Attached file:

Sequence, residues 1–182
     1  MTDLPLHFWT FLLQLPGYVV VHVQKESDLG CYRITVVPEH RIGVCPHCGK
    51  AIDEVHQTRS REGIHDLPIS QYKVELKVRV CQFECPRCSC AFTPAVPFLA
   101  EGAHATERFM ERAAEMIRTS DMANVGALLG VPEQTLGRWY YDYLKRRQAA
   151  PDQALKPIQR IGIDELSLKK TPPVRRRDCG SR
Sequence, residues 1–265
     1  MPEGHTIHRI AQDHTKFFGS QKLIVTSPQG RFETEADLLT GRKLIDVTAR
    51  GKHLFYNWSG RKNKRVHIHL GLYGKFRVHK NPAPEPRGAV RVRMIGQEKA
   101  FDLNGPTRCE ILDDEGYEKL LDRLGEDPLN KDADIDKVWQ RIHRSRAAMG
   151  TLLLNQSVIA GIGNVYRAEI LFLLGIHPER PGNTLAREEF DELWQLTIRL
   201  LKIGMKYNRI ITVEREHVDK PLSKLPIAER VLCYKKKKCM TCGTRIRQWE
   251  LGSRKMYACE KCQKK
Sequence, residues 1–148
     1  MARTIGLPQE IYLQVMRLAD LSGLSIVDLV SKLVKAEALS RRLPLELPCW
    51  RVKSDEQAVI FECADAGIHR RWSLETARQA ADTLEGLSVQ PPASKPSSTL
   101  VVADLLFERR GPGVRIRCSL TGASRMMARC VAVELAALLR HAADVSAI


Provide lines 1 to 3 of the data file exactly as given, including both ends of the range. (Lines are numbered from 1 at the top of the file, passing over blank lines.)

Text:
Sequence, residues 1–182
     1  MTDLPLHFWT FLLQLPGYVV VHVQKESDLG CYRITVVPEH RIGVCPHCGK
    51  AIDEVHQTRS REGIHDLPIS QYKVELKVRV CQFECPRCSC AFTPAVPFLA